Monday, October 21, 2013

How to Be A Highly Mobile SLP and Stay Organized


As some of you may know, I am expecting my first baby (It's a BOY!) and will be taking some time off from work and blogging before and after his arrival. During that time, there will be several guest bloggers/SLPs that will be featured on my blog. I am so excited to share all of the amazing, informative posts they have come up with. I can not thank them all enough for taking the time to write these posts! Just another one of the many reasons I love being part of the SLP world. I hope you all enjoy reading everything over the next several weeks. Please feel free to leave comments and post questions.
 
The next guest post is written by Natalie Snyders! Enjoy!

For my first three years as an SLP, I was assigned to work for a special education co-op an hour away from my home.  My assignment was to provide services to all parochial school students in two counties, so I ended up travelling to 10 schools in a week, with my office in another building.  Needless to say, this required some serious organization skills!  I wanted to share with you some of the tips and ideas that helped me through those years.
One thing that helped me considerably was to leave a small box of materials at each school.  For some schools, this was a school supply box, while at others (where I had more students) I used larger plastic tubs.  I worked primarily with elementary students, although I had a few preschoolers and middle-schoolers as well.  Some of my must-haves included:
Small Box
Hand sanitizer
Kleenex (travel pack)
Pencils
Highlighter
Box of crayons
Index cards
Glue stick
Finger puppets
Dice
Play-doh (mini tub)
Mini-stapler
Small reward chart with all the student’s names on it (I kept track of homework, attendance, etc. and gave small prizes after ten stars.  This often was as simple as a blank index card where I drew the stars on with a pen.)


Large Box Additions
Small stuffed animal(s)
Markers
Small clip-on basketball hoop and ball
Notepads/paper
Extra office supplies (pens, rubber bands, tape, binder clips, etc.)
Deck of playing cards 
Bouncy ball

For the things I carried around with me every day, I used a large tote bag.  (I tried a rolling cart when I began, but the problem was most of my schools were older and had steps instead of ramps to get into the building, and at several schools I had to work on the second floor.  If you don’t have this problem, I would definitely suggest a rolling cart!)  These essentials included my clipboard, binder with all of my caseload information, homework binder, small travel games (Connect-4, Uno, and Hi-Ho Cherry-O being three of my favorites), stopwatch/counter, and a small bag of prizes.  I also carried around my own little stimulus books for different target areas that eventually inspired Super Duper’s Take Along series.  (Trust me, their version is a lot prettier than mine!  And they expanded my idea so there are even more areas than I created originally – mine was primarily articulation and basic language skills.)  I got an iPad in my second or third year, and this was a huge lifesaver!  I didn’t have to carry around as many materials or games, and made life much easier.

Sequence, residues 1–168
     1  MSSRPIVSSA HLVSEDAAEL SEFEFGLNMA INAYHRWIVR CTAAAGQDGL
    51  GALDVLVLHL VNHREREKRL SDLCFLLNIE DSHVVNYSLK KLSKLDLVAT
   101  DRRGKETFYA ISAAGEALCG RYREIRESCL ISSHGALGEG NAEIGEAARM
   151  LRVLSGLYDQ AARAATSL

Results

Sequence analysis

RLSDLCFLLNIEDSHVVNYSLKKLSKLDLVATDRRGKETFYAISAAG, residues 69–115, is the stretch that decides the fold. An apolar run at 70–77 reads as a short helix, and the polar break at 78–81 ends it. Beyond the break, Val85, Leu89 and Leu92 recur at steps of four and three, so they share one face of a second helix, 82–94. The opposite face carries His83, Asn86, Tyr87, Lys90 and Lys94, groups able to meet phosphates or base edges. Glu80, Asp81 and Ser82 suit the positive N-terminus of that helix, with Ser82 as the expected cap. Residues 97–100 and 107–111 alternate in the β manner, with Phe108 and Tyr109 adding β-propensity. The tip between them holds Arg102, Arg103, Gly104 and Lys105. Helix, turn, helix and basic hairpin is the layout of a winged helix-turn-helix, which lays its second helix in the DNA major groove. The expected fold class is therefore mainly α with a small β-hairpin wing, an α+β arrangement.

I was fortunate enough to have a “home base” that had a desk, computer, and small amount of storage.  I was able to arrange my schedule that I could be there every day around lunch time, along with one afternoon per week.   This was where I kept track of data, wrote reports, made phone calls, and planned for upcoming therapy sessions.  I also kept many of my books here, so I was able to switch out materials from my homework binder as needed (usually about once a month).

One major thing I had to get used to as a highly mobile SLP was I had to learn to be very flexible.  I used whatever space was available at the time I was at the school – this covered a wide range of spaces including an art room, library, and storage closet – not to mention the hallway when I got desperate!  Since I only visited each school once per week, sometimes the teachers would forget that I was there, and schedule tests and other important class events for the times I was scheduled to take their students.  I learned to rearrange my schedule on the fly as needed.  Sometimes as I drove across town I would run into trains that blocked the road for twenty minutes at a time, which meant I didn’t have time to prep anything when I got to a school, and I had to be ready to go the minute I stepped into the school building.
Since I spent so much time in my car every day, keeping it organized was a must!  I bought several storage crates to keep in the backseat and trunk to store materials that I would use occasionally, so I could just grab them and go.  Because this got messy after a while, I tried to reorganize my car about every month or so to make sure things went back in the right bin, and to switch materials out that I wasn’t using as much.  I kept several empty reusable shopping bags within easy reach in case I wanted to grab a couple of materials for the next school, but didn’t have room in my tote bag for.

            A few other random pieces of advice for travelling SLPs:  Don’t store crayons in your car.  They will melt.  When they melt, they will make a huge mess!  Also, invest in serious weather gear.  When you tromp across huge parking lots and in between buildings most of the day, you will want a good raincoat, umbrella, heavy winter coat, and snow boots.
Being a travelling SLP does have some disadvantages, but it is definitely doable!  The experiences I had in my three years of being highly mobile have definitely made me a better SLP for the years to come.

By Natalie Snyders, MS, CCC-SLP
https://www.facebook.com/pages/Natalie-Snyders-on-Teachers-Pay-Teachers/103784796477051